New related paper to #12 – Pairs Trading with Stocks
"There are several questions to be noted in previous literature regarding pairs trading. One is the paradox noted by Do and Faff (2011) that points out to the fact that we are looking for the closest pairs in the past and expecting that they are the ones with the highest probability of drifting and then converging in the future. The stability of the price relation and the probability of divergence (followed by convergence) by uninformed demand are two distinct characteristics. This idea suggests that there is space for improvement in the way the pairs are ranked and chosen, and not only regarding the price relation stability but also including a second dimension (maybe a second form of ranking) that would take into account the probability of a pair diverging. Another interesting and related matter is that the methodology proposed by GGR (as noted by the authors themselves) doesn’t exclude the possibility of a pair being chosen to trade with a negative maximum expected return after costs (for pairs with a short historical standard deviation measure that is used as a trigger). This leaves the need to establish such a filter that would leave out some pairs that are by definition destroying value or in the best possible scenario not adding (if they do not trade). "
"Between the pair’s training period and the opening of a position the relation between the assets that form the pair can dramatically change. In an attempt to monitor events that could lead to such a change one can monitor the demand for that asset and try to find abnormal changes (increases) that could signify such an event. One way to do that is through the volume data. Engelberg, Gao and Jagannathan (2009) test the same rationale with news data and find that news affecting just one of the assets decreases the profitability and news that affect both assets increases profitability (they argue that the increased profitability could be explained by differences in the speed information is incorporated). It’s expected that the volume data yields the same result with the advantage that is far easier to be implemented in a trading strategy (the information is more accurate then the number and importance of news and is widely available). So it’s expected that if a common shock exists then a volume increase will occur in both assets and if that shock only affects one of the assets then the volume increase will be confined to an increase in the respective assets volume. With that in mind the first hypothesis comes: Are pairs that open with single sided shocks less profitable and is volume data a good proxy for shocks."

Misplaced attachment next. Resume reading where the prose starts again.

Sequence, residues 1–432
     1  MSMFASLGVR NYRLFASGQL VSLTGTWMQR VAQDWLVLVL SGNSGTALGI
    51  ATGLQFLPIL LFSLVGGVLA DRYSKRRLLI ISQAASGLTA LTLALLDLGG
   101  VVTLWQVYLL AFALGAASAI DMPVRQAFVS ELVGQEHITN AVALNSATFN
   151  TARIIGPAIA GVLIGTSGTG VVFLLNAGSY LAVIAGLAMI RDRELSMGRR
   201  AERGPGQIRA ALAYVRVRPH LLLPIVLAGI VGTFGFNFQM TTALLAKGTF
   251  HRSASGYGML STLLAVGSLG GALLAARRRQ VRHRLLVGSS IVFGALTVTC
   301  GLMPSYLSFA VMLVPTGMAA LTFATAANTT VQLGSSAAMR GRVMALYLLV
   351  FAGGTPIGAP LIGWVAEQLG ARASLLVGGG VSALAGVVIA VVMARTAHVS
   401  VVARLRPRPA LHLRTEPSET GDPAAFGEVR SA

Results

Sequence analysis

"A pair opens if the relative price of the assets diverges by more than they usually did in the recent past (the 250 trading days period). This divergence is expected to be temporary and the product of market friction and inefficiencies and the new market equilibrium is expected to arrive in a short matter of time when participants acknowledge the mispricing. If that expected equilibrium (the price convergence) fails to come in a reasonable amount of time then maybe something fundamental has change in the assets that form the pair and the new equilibrium is already set (the price convergence is no longer expected). If a pair remains open for a long time we can start to assume that the excess value we thought it had isn’t there and the risk of holding it isn’t worth taking. In this situation the hedge we thought we had is lost and there is no rationale left for holding the position and bearing the risk. The second hypothesis looks to answer that question: Is it a good strategy to limit to the time a pair is open?"
"The limit introduced on the maximum days a pair is open improves the risk return characteristics no matter what limit is imposed which appears to support the rationale that a convergence must be observed in a short period of time. We can also conclude that is best to avoid pairs that trigger around abnormal volume changes in one of the assets."
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